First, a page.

Data surrounds us, but we only perceive a small fraction of it.
Companies like SolarWinds Inc (NYSE:SWI) and Splunk Inc (NASDAQ:SPLK) empower customers to gain dominion over complex digital networks and turn data from numerous disparate sources into actionable business insight. Think banks aggregating financial activities from numerous sources (ATM, wire transfer, online banking, credit card transactions) to detect fraud or identifying anomalies across network devices in order to quickly guard against malicious attacks that could endanger customers’ accounts or personal information.
SolarWinds Inc (NYSE:SWI) provides network and server monitoring software with a unique business model that incurs the lowest costs in the industry. By hiring developers and product managers in Brno, Czech Republic and Chennai, India instead of Austin, Texas, the company limits Research & Development (R&D) costs to 10% of revenue, while still releasing meaningful new products twice a year.
Further, SolarWinds Inc (NYSE:SWI) sells from the inside: it does not have sales reps in the field, wining and dining prospects’ CIOs. Instead, it spends sales and marketing dollars (only 27% of revenue!) driving prospects to its website, where they can freely download full-feature trials. Thereafter, the inside sales team quickly up-sells prospects to the full product, with 70% of deals closing in less than 20 days.
SolarWinds Inc (NYSE:SWI) calculates its total addressable market is an astonishing $65 billion. At a market cap of just under $3 billion and less than $300 million in annual revenue, this represents huge room to grow. A subset of this $65 billion comes from attaching additional products to current customers, to the tune of $11 billion if the company can cross-sell all its products to every current customer, admittedly a tall order.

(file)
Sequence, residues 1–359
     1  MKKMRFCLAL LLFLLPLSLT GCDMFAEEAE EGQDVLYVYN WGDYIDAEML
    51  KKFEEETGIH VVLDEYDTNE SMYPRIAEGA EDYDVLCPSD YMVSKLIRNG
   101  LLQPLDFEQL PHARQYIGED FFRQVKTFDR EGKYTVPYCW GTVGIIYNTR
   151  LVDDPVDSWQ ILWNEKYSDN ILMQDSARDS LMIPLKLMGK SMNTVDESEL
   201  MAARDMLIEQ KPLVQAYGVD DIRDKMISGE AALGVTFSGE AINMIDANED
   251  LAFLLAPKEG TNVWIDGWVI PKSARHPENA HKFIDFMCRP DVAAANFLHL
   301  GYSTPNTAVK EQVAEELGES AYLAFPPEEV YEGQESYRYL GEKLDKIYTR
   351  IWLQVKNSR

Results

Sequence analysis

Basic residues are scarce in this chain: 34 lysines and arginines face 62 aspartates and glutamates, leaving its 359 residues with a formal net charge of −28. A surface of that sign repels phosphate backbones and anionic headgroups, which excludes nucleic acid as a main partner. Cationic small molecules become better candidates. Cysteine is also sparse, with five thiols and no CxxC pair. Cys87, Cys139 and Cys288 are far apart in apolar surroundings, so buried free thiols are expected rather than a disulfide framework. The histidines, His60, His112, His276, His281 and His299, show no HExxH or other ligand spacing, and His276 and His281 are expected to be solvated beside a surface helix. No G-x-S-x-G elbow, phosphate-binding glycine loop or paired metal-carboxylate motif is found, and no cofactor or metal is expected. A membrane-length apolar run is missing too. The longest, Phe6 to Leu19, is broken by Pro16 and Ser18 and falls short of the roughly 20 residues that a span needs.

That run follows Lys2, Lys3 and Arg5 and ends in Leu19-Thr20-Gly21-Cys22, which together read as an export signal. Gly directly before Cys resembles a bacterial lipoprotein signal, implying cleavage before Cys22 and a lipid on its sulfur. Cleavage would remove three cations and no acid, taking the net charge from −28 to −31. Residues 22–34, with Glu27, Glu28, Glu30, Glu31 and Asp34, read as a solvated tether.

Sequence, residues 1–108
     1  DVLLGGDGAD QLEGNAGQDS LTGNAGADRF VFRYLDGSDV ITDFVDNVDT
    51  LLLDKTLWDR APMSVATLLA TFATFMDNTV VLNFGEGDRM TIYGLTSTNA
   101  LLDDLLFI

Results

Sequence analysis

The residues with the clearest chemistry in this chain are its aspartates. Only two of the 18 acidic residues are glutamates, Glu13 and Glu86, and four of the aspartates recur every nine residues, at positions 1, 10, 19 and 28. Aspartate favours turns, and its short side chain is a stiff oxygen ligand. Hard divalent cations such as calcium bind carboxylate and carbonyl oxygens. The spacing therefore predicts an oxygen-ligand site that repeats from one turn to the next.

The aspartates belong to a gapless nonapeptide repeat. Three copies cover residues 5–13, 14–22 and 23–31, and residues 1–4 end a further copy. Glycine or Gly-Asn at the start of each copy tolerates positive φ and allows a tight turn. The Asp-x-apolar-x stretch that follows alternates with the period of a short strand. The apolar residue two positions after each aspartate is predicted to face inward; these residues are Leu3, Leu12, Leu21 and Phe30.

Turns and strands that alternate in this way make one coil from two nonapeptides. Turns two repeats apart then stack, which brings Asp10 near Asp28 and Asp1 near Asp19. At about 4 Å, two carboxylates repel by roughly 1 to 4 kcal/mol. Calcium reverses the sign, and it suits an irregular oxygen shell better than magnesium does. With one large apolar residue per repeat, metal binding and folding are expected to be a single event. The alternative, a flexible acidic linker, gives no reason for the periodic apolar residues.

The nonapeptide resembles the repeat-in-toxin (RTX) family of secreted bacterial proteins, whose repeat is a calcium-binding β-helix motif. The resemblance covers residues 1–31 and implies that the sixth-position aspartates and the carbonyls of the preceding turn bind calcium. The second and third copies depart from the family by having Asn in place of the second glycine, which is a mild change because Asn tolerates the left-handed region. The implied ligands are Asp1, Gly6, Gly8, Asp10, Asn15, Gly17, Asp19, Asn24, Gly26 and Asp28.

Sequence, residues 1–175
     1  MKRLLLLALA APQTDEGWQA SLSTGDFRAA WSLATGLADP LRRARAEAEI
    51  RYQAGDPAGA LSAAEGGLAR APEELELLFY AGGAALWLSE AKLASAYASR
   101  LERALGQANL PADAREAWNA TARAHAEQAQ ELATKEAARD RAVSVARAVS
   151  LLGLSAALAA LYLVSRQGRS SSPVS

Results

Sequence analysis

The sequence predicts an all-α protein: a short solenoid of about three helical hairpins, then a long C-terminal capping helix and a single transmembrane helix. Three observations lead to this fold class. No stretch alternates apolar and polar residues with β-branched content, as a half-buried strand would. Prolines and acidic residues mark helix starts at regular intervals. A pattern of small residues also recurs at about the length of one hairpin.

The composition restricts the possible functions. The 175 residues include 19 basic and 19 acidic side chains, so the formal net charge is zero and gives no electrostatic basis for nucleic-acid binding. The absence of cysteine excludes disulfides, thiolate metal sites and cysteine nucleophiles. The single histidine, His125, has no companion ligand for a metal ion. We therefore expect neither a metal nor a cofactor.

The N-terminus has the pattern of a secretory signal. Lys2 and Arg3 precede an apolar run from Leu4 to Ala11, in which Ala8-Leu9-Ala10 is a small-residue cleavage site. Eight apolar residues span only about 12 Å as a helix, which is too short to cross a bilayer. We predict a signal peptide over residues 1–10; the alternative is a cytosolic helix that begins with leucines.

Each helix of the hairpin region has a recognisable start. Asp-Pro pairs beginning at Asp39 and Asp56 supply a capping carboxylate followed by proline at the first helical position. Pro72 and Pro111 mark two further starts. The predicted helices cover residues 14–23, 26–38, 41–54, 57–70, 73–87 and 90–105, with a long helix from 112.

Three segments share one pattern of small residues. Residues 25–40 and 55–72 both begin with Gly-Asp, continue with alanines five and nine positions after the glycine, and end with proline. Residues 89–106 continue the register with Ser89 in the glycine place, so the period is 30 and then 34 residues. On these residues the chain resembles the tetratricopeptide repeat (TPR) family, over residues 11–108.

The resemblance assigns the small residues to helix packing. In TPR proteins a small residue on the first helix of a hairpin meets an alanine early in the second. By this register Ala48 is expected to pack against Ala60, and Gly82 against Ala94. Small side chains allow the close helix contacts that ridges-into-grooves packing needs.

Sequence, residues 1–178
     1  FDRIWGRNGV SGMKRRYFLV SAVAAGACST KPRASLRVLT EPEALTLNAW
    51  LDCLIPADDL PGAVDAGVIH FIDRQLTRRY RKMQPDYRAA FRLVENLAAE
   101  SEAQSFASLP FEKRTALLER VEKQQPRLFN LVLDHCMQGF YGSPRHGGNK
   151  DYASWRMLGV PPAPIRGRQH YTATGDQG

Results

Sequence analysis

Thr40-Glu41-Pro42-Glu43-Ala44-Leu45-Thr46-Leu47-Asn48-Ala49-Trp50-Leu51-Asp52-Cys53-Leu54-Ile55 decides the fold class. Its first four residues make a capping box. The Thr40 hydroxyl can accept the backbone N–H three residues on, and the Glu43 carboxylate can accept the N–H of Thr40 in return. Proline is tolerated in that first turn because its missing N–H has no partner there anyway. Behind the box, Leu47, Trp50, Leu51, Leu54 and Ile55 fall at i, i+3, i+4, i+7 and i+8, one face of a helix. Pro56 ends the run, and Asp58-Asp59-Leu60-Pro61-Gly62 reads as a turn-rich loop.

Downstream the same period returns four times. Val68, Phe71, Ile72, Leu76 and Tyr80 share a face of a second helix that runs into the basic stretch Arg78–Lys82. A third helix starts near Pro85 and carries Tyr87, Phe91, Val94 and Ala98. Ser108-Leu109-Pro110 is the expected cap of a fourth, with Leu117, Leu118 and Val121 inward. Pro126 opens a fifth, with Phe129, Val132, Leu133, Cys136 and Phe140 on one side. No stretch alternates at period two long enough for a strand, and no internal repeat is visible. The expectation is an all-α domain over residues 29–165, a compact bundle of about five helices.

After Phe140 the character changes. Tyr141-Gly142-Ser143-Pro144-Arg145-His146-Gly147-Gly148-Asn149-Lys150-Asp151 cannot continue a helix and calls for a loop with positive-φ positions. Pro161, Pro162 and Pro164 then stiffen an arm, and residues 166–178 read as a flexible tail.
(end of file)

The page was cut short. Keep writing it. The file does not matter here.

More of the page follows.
Balancing revenue growth and profitability
Splunk Inc (NASDAQ:SPLK) develops software to help companies capture, search, and make business decisions based on large amounts of disparate machine data. The company spends 20% of revenue on R&D and over 60% on sales and marketing; these higher costs help explain why Splunk has lost money each quarter since going public.
With a market cap of $4.8 billion, Splunk Inc (NASDAQ:SPLK) is valued at more than 22 times Trailing Twelve Month (TTM_ revenue. SolarWinds Inc (NYSE:SWI) has a smaller market cap at just under $3 billion, yet it has TTM revenue of $280 million (a 10x multiple). Further, SolarWinds is profitable, earning $81 million over the past year (a P/E ratio of 34), while Splunk has lost $36 million over the same period, though it expects to show an operating profit by the end of this fiscal year.
One challenge both companies face is how to accelerate revenue growth. SolarWinds Inc (NYSE:SWI) just splashed the cash on a company you’ve never heard of, buying N-able Technologies for $124 million, or about 5 times N-able’s 2012 revenue. SolarWinds hopes the acquisition will allow it to expand its reach by targeting Managed Service Providers (MSPs), companies that provide IT services to many small businesses. The short-term problem is that N-able is not profitable, so combining N-able’s operating results into SolarWinds’ will result in slightly higher revenue but lower earnings per share.
Both companies have solid products that are rated highly both by customers and industry analysts. For instance, Gartner honored Splunk Inc (NASDAQ:SPLK) as a market leader in its Security Information and Event Management (SIEM) Magic Quadrant. While SolarWinds landed in the “Challengers” category, indicating a lower ability to execute and a less convincing vision, it had the honor of being selected Forbes‘ 2012 Best Small Company in America. Not to be outdone, Splunk Inc (NASDAQ:SPLK) was named the fourth most innovative company in the world by Fast Company. Clearly, both companies are doing something right.